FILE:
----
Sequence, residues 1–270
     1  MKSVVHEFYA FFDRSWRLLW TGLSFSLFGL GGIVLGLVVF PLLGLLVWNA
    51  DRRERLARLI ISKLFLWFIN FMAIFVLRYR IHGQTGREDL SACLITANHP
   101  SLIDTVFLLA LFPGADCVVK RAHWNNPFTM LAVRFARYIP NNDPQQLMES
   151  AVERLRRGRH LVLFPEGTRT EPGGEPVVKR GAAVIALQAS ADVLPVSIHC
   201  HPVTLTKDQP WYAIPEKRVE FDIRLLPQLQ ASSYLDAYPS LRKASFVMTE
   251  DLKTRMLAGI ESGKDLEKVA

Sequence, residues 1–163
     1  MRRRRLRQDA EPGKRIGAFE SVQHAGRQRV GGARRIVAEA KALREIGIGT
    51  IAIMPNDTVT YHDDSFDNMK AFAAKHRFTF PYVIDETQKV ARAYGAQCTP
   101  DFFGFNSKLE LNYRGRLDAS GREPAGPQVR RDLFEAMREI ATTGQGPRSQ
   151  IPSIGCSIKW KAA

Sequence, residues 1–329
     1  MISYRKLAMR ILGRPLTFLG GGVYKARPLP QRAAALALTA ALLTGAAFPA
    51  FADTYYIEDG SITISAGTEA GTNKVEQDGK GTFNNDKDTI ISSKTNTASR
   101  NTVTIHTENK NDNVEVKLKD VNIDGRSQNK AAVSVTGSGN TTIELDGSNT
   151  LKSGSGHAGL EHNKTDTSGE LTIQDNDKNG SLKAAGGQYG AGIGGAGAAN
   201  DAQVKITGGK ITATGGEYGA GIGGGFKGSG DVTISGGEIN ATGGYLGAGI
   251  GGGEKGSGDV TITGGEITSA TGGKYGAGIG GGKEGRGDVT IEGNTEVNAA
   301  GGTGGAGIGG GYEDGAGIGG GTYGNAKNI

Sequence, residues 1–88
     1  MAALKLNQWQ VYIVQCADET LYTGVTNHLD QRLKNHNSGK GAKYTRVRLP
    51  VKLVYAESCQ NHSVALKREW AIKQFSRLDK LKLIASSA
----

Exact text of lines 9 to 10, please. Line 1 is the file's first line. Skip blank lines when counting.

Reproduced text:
     1  MRRRRLRQDA EPGKRIGAFE SVQHAGRQRV GGARRIVAEA KALREIGIGT
    51  IAIMPNDTVT YHDDSFDNMK AFAAKHRFTF PYVIDETQKV ARAYGAQCTP